If you buy a brand new Porsche, you're paying a premium for a top-tier driving experience. Purchase a broken-down 1974 AMC Gremlin and you have the opposite -- a vehicle that wasn't great when it was new that's already seen its best days.
Verizon (VZ 1.06%) may not quite be analogous to a new Porsche, but it would be a pretty nice car in very good condition. It's also perhaps a little unfair to compare Frontier Communications (FTR) to a Gremlin -- though only because with enough love, a good mechanic, and some spare parts, the Gremlin might once again turn into suitable transportation.
What's wrong with Frontier?
You can sometimes argue that a beleaguered stock is a good value because it has so much growth potential. That's not the case with Frontier: The cable company has been in steady decline since April 2016, when it spent $10.54 billion buying Verizon's wireline business in California, Texas, and Florida.
At the time that seemed like a smart purchase. Frontier bought approximately 3.3 million voice connections, 2.1 million broadband connections, and 1.2 million FiOS video subscribers. That was a play for expansion so it could spread its costs across more customers.
That worked to a point. The company managed to cut over $1 billion in expenses, and it expects it will be able to cut more. The problem is that in every quarter since the CTF deal closed, Frontier has lost customers. That's largely driven by cord cutting, which has increased steadily since 2013.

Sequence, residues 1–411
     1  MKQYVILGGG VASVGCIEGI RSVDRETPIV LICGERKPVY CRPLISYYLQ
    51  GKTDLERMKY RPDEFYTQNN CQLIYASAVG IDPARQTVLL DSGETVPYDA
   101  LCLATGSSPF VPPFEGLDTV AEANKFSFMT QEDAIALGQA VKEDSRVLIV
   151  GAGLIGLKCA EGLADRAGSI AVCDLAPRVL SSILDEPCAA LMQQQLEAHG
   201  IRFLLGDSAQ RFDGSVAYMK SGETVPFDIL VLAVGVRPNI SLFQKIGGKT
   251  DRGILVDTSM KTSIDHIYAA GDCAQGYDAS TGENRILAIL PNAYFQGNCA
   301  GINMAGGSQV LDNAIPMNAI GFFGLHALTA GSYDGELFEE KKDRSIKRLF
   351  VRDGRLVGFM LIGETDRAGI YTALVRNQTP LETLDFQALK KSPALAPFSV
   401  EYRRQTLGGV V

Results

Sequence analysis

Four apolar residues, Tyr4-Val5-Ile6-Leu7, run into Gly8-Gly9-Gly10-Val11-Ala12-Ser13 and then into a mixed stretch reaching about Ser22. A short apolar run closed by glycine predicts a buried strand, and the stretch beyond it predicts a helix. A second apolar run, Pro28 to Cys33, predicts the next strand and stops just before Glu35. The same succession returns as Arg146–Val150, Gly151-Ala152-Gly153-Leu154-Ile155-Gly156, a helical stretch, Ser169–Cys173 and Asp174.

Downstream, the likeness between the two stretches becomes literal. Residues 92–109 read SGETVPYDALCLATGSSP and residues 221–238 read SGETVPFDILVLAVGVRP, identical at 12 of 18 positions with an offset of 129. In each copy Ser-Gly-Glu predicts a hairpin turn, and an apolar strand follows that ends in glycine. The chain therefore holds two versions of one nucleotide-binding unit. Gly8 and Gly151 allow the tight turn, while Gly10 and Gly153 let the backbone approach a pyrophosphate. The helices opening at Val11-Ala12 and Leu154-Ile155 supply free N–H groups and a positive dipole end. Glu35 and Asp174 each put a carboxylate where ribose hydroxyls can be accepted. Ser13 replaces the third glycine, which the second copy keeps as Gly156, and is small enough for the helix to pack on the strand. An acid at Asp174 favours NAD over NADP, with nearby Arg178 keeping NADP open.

Many cable companies are making up for their pay-television losses by adding internet customers. That has not been true for Frontier, which lost 333,000 internet customers in 2017 and another 43,000 in the first quarter of 2018, largely because its phone line-based technology is not what consumers are looking for.
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Why is Verizon a buy?
Verizon has shown more resilience in its cable and broadband businesses. The company only lost 75,000 cable customers in 2017 and another 22,000 in the first quarter of 2018. The company lost 79,000 broadband customers in 2017, but added back 7,000 during the first quarter.
Those losses are minor compared to the major gains the company has made in its wireless business. After adding 260,000 retail postpaid net wireless customers in Q1, the company more than doubled that in the second quarter, adding 531,000 new wireless connections.
Verizon has shown that it can manage its pay-TV and broadband businesses to minimize losses while posting major gains in its wireless business. That has been a steady pattern, and it's not likely to change even in a turbulent market.
The choice is success versus failure
Frontier's upside is survival. Its management has shown a strong ability to manage money, move financial obligations around, and find savings. What it has not been able to do is stop its customer loss. The company might be able to stabilize -- though that seems like a long shot -- but it's not going to put up significant growth.
Verizon has shown that it can grow its overall business despite the changes in pay television and broadband and low-price pressure from Sprint and T-Mobile in the wireless space. Those challenges won't be going away (and a merger between the two low-cost rivals may make them a stronger competitor). Verizon, however, has shown it can steadily grow, while Frontier has not even proven it will be able to remain a viable operating business.